The rules were opened to public comment for a period of four months, at which point the FCC will finalize the rules.[8] The FCC announced on August 18, 2014, the public comments would remain open an additional five days, making the deadline September 25, 2014.[9]

"Internet Slowdown"

Companies such as Netflix, Etsy, Kickstarter and Reddit teamed up with non-profit organizations like the American Civil Liberties Union (ACLU) and Demand Progress on September 10, 2014, in an attempt to raise awareness prior to the end of the open commenting period set by the FCC on net neutrality rules. The companies opposed the new rules written by Commissioner Wheeler and changed ads and banners on their websites to show messages such as, "If there were Internet slow lanes, you’d still be waiting."[10] Public comments on the topic surpassed that of any prior topic's comments the same day, gaining more attention than the Whitney Houston "wardrobe malfunction" during the 2004 Super Bowl. The record was previously 1.4 million comments. According to the Sunlight Foundation, about two-thirds of the comments submitted supported the reclassification of internet access to be more like public utilities, while only one percent of commenters were estimated to be directly opposed to net neutrality.[11]

Sen. Ed Markey (D-MA) announced his support of the "Internet Slowdown" and added a similar banner to his website. In a statement, Markey said, "Today, I stand in solidarity with the ‘net-izens’ of the world to show what the Internet would look like with fast and slow lanes. An open Internet enables freedom of expression and the sharing of ideas across town or across the globe. That openness is at stake if the FCC allows broadband behemoths to play traffic cop, discriminating against some, while letting those who can afford to sail on by."[12]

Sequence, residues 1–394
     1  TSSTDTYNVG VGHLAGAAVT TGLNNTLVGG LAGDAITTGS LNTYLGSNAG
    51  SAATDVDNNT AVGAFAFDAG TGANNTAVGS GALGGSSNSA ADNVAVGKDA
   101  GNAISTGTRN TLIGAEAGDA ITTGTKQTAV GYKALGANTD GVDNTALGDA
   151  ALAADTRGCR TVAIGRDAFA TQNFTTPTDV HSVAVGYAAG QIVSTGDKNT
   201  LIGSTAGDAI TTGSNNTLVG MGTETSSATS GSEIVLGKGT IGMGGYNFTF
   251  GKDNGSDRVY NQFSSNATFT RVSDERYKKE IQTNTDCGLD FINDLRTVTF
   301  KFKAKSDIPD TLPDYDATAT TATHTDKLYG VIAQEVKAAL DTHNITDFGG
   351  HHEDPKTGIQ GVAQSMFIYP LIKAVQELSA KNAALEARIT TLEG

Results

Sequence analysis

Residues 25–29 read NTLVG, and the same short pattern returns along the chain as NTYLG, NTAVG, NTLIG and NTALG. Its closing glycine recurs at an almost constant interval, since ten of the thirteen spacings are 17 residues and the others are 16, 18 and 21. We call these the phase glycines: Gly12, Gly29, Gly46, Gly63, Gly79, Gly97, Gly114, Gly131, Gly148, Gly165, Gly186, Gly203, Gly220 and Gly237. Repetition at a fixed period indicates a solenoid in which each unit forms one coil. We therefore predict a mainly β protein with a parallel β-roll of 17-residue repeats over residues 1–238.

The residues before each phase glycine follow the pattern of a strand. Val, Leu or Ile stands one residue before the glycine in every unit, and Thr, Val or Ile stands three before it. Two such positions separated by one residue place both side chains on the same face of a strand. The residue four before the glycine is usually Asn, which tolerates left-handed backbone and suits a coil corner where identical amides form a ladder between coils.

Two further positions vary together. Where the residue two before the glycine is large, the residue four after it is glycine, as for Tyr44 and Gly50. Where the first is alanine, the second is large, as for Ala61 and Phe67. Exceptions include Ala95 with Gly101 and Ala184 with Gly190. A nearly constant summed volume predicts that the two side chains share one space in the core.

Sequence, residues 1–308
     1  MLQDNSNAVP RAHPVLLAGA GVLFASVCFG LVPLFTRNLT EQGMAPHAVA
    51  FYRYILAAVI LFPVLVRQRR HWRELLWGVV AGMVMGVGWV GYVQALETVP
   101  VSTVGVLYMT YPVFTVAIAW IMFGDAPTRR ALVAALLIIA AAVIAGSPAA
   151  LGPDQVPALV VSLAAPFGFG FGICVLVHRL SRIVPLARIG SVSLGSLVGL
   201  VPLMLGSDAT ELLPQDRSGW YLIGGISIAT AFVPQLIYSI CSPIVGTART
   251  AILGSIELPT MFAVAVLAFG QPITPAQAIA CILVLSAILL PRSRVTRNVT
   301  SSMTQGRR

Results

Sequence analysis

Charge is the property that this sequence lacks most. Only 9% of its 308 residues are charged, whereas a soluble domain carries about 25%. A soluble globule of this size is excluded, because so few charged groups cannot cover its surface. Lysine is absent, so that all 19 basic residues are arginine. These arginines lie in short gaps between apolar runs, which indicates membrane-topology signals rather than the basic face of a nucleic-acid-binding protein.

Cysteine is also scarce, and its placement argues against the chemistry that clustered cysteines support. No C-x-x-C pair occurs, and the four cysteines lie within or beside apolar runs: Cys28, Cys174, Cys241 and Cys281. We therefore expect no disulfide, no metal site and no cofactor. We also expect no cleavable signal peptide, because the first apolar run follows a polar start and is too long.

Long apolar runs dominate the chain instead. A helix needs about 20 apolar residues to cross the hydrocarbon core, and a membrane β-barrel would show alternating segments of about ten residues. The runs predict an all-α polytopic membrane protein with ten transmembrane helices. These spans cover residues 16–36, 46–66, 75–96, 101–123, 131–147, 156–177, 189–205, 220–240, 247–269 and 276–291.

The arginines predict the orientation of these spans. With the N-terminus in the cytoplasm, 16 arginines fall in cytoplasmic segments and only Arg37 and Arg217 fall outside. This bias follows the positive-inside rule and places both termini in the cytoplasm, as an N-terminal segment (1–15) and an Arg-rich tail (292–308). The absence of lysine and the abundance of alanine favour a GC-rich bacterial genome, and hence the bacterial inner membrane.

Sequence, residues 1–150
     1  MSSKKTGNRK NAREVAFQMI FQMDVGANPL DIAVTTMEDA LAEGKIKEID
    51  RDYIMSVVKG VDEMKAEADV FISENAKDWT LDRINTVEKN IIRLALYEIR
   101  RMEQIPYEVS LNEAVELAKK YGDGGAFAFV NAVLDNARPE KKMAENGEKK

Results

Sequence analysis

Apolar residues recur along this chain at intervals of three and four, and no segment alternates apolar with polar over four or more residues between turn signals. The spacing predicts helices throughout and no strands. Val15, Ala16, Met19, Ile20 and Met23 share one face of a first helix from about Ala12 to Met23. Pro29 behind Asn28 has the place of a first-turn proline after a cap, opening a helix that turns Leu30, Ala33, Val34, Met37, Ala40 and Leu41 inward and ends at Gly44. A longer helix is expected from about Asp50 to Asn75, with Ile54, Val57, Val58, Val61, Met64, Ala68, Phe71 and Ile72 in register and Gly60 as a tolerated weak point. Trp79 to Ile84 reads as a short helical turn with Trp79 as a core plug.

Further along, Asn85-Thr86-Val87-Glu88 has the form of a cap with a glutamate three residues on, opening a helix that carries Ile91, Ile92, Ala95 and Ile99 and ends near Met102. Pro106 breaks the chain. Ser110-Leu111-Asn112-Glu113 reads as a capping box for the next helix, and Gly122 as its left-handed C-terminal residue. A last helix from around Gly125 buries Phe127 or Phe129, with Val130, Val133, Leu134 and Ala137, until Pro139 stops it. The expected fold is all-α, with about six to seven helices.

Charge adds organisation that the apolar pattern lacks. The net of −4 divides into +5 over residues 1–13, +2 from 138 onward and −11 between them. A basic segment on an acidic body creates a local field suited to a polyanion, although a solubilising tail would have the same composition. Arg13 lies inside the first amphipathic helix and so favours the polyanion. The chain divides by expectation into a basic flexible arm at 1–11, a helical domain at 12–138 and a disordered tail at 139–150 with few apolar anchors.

Controversies

Washington Redskins radio license

A George Washington University professor filed a claim on September 2, 2014, with the FCC aimed at revoking the license of a radio station run by the Washington Redskins, due to the racial implications of the name. While Wheeler stated in response on September 10, 2014, "I don't use the term personally and I think it is offensive and derogatory," he also would not commit to using the power of the FCC to force a name change. He explained, "I think it would be great if the Washington football team would recognize those kinds of changes itself. I hope that this is something that if enough people express themselves, Dan Snyder can see which way things are going."[13]

Democratic donor waiver probe

On July 31, 2014, House Republicans began a probe into an FCC waiver given to Grain Management, a private equity firm. Reps. Fred Upton (R-MI), Greg Walden (R-OR) and Tim Murphy (R-PA) claimed the company may have received special treatment because the head of the company, David Grain, donated $5,000 to President Barack Obama's 2012 campaign as well as thousands more to other Democratic candidates. The congressmen wrote a letter to Wheeler stating, "The Energy and Commerce Committee is committed to conducting vigorous oversight to ensure that Commission processes are fair, open, and transparent, and that they serve the public interest. The granting of the Grain Management waiver raises questions about these processes." They also requested any communications between Grain and the FCC prior to the waiver being issued in June 2014. An FCC spokesperson defended the waiver in a statement, claiming, "The Commission’s action, which followed a period of public notice and comment, is consistent with Congress’s directive to design auctions that encourage participation among a wide variety of companies, including small businesses,” he said in a statement. “We stand ready to act as a resource to Congress as we continue to address this important issue.[14]

Personal

Wheeler is married his wife, Carole.[15]

Recent News

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See also

External links

References